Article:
Apple plans to build a 133-acre campus in Austin, Texas, that will cost $1 billion and employ 5,000 new workers, the company announced Thursday. The company says the move is expected to make it the largest private employer in Austin.
Apple already employs more people in that city, some 6,200 workers, than it does in any other city outside of its headquarters in Cupertino, Calif. The company now plans to add substantially to that figure.
Its current main site in Austin is an office park roughly 12 miles north of downtown. The new campus will also be in North Austin, less than a mile from the current facilities. And it will have room to grow to 15,000 workers, the company says.
"Apple is proud to bring new investment, jobs and opportunity to cities across the United States and to significantly deepen our quarter-century partnership with the city and people of Austin," CEO Tim Cook, said in a news release about the plan.
The expansion comes six years after Apple signed a 10-year economic development contract in Texas, a move that put Austin at the front of the line for expansion, as member station KUT reported. That deal, which featured a 100 percent property tax rebate and other incentives, required Apple to invest more than $300 million to build a new campus.
Apple's ambitions in Austin took another step in 2013, when Cook confirmed rumors that the company was building its new Mac Pro computers in the city.
The new jobs in Austin will cover a broad swath of its business, Apple says, from engineering and research to business operations, sales and customer support. The employees will work on a large campus that the company says will include 50 acres of preserved open space.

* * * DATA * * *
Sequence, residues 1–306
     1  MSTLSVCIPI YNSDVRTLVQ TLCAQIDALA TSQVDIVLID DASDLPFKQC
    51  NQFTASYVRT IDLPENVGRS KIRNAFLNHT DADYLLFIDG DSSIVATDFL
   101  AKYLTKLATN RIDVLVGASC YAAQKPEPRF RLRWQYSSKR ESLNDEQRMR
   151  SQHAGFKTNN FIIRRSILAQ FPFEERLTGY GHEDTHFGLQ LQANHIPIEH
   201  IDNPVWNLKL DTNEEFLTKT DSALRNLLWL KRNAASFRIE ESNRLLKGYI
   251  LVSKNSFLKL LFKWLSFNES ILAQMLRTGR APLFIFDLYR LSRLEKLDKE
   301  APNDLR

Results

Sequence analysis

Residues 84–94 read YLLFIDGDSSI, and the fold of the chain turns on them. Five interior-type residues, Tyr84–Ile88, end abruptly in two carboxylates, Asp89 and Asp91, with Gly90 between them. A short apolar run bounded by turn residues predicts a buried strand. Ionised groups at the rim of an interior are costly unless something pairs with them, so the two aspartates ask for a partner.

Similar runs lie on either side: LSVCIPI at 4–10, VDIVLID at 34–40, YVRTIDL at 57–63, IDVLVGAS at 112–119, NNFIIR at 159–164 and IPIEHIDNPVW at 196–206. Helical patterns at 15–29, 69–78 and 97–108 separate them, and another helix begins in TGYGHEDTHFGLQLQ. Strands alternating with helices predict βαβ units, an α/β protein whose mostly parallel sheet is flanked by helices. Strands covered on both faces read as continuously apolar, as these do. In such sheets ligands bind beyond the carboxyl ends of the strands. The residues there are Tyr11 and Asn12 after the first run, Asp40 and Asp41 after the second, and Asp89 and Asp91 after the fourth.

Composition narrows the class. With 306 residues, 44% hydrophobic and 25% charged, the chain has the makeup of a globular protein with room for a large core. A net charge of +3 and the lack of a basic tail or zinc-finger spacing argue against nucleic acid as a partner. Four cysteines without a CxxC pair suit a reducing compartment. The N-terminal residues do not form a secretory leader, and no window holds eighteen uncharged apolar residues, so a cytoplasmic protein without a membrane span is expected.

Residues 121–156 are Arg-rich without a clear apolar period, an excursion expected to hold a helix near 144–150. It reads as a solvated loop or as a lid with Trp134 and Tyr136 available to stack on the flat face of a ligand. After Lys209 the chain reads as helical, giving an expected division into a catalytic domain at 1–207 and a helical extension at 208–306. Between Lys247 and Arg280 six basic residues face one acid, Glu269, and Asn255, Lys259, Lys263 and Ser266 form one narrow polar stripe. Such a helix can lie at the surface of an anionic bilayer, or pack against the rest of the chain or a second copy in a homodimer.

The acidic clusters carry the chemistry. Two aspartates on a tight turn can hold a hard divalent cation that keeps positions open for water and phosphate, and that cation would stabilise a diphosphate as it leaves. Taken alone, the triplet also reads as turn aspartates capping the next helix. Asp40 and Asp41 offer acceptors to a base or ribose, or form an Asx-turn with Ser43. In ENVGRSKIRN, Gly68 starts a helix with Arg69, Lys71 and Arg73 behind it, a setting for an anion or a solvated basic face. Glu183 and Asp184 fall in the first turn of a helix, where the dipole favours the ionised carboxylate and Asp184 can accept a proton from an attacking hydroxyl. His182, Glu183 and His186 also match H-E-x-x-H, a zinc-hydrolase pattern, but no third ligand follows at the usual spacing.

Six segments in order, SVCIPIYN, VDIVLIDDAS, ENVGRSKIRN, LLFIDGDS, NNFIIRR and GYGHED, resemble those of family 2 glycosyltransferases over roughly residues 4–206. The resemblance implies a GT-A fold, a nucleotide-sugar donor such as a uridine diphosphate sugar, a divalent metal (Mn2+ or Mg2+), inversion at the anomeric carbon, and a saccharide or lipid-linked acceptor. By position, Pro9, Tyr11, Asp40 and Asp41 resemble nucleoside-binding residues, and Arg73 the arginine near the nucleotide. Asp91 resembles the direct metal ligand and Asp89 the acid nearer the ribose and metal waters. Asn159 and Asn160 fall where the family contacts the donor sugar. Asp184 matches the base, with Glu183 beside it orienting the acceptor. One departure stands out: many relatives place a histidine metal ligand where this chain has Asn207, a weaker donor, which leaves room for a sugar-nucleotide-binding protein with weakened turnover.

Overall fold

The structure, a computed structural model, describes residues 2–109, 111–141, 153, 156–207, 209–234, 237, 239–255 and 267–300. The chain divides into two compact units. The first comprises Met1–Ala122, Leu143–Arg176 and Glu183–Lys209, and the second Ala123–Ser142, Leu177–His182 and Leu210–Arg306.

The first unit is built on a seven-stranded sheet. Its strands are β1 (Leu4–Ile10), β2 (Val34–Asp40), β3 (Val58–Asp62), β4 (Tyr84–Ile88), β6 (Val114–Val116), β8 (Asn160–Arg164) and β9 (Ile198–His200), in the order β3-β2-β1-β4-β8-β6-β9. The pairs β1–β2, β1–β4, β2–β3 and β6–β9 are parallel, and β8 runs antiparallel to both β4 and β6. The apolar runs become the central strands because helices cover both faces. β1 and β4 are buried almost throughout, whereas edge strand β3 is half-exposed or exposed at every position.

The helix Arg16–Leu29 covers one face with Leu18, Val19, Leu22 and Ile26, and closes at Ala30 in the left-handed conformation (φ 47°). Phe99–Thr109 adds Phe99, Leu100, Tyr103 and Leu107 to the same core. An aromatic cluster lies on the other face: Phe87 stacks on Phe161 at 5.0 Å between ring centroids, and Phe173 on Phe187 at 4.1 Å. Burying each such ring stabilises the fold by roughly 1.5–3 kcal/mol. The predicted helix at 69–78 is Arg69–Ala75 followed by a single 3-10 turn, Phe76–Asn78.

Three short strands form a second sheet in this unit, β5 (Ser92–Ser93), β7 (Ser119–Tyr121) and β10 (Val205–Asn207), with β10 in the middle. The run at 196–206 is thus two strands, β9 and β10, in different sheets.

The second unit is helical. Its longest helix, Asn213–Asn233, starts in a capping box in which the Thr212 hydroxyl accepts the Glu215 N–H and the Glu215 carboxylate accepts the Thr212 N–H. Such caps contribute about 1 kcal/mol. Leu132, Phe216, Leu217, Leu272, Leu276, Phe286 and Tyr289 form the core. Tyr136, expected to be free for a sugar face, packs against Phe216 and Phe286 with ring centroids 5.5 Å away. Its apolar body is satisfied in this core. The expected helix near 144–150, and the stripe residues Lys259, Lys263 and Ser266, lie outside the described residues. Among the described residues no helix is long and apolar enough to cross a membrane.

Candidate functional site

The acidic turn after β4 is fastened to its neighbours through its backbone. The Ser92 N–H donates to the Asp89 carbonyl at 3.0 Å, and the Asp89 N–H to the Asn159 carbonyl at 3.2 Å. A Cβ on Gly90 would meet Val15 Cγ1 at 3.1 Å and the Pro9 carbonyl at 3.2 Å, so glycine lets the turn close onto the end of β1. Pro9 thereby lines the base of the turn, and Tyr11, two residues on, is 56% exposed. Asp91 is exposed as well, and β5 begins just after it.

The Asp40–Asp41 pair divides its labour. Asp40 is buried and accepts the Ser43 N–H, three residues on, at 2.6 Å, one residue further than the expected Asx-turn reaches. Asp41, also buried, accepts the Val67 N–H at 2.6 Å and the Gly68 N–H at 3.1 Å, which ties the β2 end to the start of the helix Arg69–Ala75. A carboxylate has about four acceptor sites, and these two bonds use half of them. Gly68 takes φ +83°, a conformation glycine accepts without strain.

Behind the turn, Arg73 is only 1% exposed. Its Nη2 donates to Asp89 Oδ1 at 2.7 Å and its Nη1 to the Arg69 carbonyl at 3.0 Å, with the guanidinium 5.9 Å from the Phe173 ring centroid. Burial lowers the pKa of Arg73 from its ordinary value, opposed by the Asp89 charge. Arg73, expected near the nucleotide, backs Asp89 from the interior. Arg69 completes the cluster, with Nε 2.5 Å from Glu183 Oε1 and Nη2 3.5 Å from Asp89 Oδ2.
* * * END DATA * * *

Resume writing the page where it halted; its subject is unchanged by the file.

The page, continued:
Welcoming news of the expansion, Texas Gov. Greg Abbott said, "I thank Apple for this tremendous investment in Texas, and I look forward to building upon our strong partnership to create an even brighter future for the Lone Star State."
Apple, which employs 90,000 people in the U.S., says that over the next three years, it will also "establish new sites in Seattle, San Diego and Culver City" and add hundreds of new jobs in cities from Pittsburgh, New York and Boston to Boulder, Colo., and Portland, Ore.
"Talent, creativity and tomorrow's breakthrough ideas aren't limited by region or ZIP code," Cook said, adding, "With this new expansion, we're redoubling our commitment to cultivating the high-tech sector and workforce nationwide."